THE WASHINGTON POST – On September 25, 1978, an unmanned sailboat ran aground on the shore of the Chesapeake Bay. The cabin was in disarray, and papers marked “Top Secret” were found, along with a phone directory filled with 351-prefix numbers, a classified CIA exchange.
As veteran investigative reporter Howard Blum tells it in his intriguing new book, The Spy Who Knew Too Much: An Ex-CIA Officer’s Quest Through a Legacy of Betrayal, things then moved quickly. The boat’s owner turned out to be John Arthur Paisley, later described by the agency as a “low-level analyst.”
A week later a corpse was discovered floating in the bay, identified by the chief medical examiner as Paisley. Cause of death: suicide. Never mind that the examiner’s office did not receive the corpse until the day after his report. Never mind that the autopsy listed a five-foot-seven, 144-pound male, while Paisley’s Merchant Marine records had him as five-foot-11 and 170 pounds.
Never mind that the fatal gunshot wound was behind the left ear and Paisley was right-handed. Never mind that the FBI and the CIA claimed to have no fingerprints on file (of a CIA employee).
A few days later, the body was cremated, before Paisley’s wife viewed it. And that was that.
Or it would have been if an enterprising reporter from Wilmington hadn’t followed up and broken the story, with all its inconsistencies, which in turn was picked up – and picked apart – by the national press.
Official explanations went from evasive to far-fetched. The corpse had been wrapped in diving belts weighing 38 pounds.
The Maryland State Police theorised that Paisley had wrapped himself in the belts, then leaped from the side of the boat, reaching across his chest while in midair and shooting himself.
Not surprisingly, the story refused to go away. Had Paisley been murdered, or had he taken his own life, or had he simply gone to ground somewhere (and why)?
The Senate Intelligence Committee conducted an inquiry and in 1980 said it had found “no information which would detract from [Paisley’s] record of outstanding performance in faithful service to his country”, then promptly classified the full report.
The committee’s counsel, who had directed the investigation, said: “Chances are we will never understand the outcome of the case. It is a mystery.” And that was (and officially is) that.
Or it would have been if Pete Bagley, one of Paisley’s old CIA colleagues, hadn’t found in this mystery a possible puzzle piece to a larger mystery he was trying to solve.
Retired in Brussels, where he had been station chief, and operating without official sanction, he went on a paper chase to find not only the truth about Paisley but how it might fit into his deepest fear: that the agency had been penetrated by a high-level mole.
Too many things had gone wrong over the years. Just a year before Paisley’s disappearance, an operation in Moscow was blown in what Bagley considered highly suspicious circumstances, another jigsaw piece perhaps.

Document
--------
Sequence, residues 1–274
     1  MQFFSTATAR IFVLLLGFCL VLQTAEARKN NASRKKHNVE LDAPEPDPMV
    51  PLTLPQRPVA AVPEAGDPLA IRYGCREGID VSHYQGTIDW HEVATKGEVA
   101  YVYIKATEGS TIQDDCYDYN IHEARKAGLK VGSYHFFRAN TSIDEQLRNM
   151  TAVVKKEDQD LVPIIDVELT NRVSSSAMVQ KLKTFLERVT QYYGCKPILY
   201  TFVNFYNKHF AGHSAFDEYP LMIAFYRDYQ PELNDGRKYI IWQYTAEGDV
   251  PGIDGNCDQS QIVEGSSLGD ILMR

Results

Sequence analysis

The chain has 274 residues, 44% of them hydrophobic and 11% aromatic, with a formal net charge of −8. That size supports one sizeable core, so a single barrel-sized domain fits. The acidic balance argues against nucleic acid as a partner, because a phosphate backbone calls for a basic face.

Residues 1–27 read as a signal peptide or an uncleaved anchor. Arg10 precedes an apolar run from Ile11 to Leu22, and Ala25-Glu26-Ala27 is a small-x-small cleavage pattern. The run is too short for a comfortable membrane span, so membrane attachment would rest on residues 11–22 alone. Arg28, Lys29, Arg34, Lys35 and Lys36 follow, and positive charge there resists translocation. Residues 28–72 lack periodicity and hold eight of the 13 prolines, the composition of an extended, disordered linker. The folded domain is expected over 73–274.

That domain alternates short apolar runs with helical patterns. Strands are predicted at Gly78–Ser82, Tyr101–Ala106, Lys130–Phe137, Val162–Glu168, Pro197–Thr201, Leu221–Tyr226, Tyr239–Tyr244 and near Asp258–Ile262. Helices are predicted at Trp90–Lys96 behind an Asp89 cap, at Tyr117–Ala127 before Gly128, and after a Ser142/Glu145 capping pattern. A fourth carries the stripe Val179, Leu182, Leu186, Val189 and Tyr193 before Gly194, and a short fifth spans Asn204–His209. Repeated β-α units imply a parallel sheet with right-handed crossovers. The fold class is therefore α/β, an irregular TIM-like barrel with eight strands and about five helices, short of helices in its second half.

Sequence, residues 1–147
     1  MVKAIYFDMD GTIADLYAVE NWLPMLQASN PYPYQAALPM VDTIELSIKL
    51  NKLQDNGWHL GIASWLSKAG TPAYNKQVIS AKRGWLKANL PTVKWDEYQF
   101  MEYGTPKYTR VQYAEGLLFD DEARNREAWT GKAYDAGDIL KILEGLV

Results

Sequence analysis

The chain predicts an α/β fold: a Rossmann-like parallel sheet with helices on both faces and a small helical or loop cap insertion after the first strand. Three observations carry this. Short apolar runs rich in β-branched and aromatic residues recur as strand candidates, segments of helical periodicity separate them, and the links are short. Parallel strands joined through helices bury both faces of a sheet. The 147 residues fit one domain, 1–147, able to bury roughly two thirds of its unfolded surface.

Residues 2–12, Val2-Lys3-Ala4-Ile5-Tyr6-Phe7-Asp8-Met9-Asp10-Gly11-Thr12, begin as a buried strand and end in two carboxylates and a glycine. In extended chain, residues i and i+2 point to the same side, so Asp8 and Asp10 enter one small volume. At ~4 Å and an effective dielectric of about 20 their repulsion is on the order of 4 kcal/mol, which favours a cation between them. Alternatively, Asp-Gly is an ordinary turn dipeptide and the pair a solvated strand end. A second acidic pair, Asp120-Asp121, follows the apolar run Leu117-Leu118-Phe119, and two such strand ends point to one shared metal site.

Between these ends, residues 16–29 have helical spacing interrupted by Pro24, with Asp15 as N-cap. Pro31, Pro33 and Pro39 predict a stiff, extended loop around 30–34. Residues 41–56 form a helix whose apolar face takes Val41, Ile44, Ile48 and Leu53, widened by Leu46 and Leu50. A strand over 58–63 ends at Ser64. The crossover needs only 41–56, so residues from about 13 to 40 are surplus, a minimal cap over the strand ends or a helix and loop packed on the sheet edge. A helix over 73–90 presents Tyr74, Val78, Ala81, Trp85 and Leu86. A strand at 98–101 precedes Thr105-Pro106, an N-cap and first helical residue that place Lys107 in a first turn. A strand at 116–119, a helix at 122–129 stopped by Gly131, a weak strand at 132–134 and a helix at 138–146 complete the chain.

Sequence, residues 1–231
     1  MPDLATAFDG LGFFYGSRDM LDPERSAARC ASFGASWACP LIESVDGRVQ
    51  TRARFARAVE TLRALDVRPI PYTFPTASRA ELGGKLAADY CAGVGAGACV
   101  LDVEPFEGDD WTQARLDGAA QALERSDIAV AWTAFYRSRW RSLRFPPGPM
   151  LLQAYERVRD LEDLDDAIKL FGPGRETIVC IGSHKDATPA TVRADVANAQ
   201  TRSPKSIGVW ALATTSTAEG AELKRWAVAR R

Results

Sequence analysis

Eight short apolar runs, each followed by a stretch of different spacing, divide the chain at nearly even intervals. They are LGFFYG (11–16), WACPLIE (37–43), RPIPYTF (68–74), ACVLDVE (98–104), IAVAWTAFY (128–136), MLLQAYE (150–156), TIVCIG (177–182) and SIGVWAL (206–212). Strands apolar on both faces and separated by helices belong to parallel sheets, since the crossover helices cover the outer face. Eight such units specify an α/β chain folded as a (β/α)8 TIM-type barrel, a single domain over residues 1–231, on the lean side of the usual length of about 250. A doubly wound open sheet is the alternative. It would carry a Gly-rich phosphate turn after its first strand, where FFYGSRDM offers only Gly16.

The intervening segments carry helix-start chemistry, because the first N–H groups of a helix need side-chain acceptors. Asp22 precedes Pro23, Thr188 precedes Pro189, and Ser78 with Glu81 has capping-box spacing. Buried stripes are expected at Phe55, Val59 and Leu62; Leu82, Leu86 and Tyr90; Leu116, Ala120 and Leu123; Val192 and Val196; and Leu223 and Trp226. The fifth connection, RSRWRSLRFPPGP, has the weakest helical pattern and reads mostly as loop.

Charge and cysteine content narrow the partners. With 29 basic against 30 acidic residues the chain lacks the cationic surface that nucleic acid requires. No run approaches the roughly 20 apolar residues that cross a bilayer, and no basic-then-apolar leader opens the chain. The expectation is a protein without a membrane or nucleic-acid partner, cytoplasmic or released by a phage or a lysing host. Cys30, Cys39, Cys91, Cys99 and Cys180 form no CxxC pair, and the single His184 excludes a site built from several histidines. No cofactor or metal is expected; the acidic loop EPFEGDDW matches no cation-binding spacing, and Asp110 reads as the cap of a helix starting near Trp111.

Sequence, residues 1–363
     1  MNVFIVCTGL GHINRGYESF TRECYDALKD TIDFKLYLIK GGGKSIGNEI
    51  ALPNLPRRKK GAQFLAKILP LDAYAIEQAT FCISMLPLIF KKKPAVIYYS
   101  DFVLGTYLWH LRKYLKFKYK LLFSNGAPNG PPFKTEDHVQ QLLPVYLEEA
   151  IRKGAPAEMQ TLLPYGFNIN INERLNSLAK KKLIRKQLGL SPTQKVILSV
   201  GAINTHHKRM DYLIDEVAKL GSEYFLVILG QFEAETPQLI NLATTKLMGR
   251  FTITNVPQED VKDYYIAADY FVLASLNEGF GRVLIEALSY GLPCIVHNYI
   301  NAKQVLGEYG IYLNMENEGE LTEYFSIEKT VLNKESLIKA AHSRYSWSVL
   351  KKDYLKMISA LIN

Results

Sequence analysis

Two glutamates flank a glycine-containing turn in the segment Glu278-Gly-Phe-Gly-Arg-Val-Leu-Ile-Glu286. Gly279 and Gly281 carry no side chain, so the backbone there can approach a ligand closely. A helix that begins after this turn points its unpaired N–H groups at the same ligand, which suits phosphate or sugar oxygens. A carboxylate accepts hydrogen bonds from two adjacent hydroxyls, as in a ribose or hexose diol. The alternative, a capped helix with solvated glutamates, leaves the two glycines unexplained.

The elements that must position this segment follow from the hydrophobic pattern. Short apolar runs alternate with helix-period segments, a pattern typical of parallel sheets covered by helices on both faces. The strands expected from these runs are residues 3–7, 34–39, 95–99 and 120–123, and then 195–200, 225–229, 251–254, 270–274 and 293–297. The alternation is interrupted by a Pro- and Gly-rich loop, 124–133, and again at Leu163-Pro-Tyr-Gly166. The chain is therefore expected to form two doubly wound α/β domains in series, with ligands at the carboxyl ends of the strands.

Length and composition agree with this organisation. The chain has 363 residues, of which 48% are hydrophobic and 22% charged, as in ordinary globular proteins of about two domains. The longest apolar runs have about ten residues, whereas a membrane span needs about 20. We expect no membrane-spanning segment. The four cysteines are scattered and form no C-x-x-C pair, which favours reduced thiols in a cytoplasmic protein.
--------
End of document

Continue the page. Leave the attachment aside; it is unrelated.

The Spy Who Knew Too Much is the story of that chase, going all the way back to the beginning, the 1962 defection by Yuri Nosenko, who Bagley became convinced was a KGB plant and in whose exhaustive debriefing (all two years of it) Bagley hoped to find the Rosetta stone, the clue that would explain everything. He didn’t, and the attempt damaged his career.
Bagley was one of the agency’s postwar gentleman spies (his uncle, Fleet Adm Bill Leahy, one of the founding fathers of the Central Intelligence Group, the CIA’s predecessor, made the recommendation call to his friend Rear Adm. Roscoe Hillenkoetter, then CIA director, and Pete was approved) and had been a protege of James Angleton, whose own reputation for tenacious suspicion, if not paranoia, became legendary.
The relentlessness of their pursuit of Nosenko drove a wedge through the agency – those who believed in the Master Plot (Nosenko as plant) and those who took to calling it the Monster Plot. Bagley is the hero of Blum’s book, but he may not be everyone’s hero – Nosenko’s brutal debriefing, for instance, can make for queasy reading.
But his Ahab-like quest is certainly the driving force here. No need for car chases; there is enough suspense in poring over transcripts, finding a discrepancy of dates, the inevitable slip that will trap the enemy.
If he is the enemy. I wouldn’t presume to spoil Blum’s carefully woven narrative by revealing what Bagley finds – except to say it’s all plausible and persuasive, though the CIA probably wouldn’t agree. Conclusive proof may not be possible anymore. Much is made, rightly, of Bagley’s meetings with former KGB officers after the Berlin Wall came down in ‘89, long evenings with old war stories and reminiscences, some of them useful and confirming.
And, after all, the KGB should know. But they’re the KGB, and before you know it, you find yourself – in Angleton’s phrase, borrowed from TS Eliot – “in a wilderness of mirrors.”
Still, the real pleasure of this book is not the solution but the puzzle. By going back and forth in time, Blum cleverly makes his pieces part of agency folklore, terrific stories in their own right. This is the Cold War at high noon, missiles loaded, when spies were the front-line troops. If you have even a passing interest in the period, the book will be catnip.
It’s all here: the dead drops, the surveillance, the honey traps, the disillusioned Joes and the office politics. The period details are so atmospheric and rich that it would be no surprise to see Kim Philby make a guest appearance.
There is even a recruitment scene in a steam bath in Bogotá (what novelist would dare?).
It would be easy to get lost in all this, but Blum lays out his pieces clearly, and entertainingly. He has important background matters on his mind – the self-protective culture of the agency, for instance – but, like Bagley, he never loses sight of the main story.
Let’s go back to the transcript. Who was Paisley? Start there.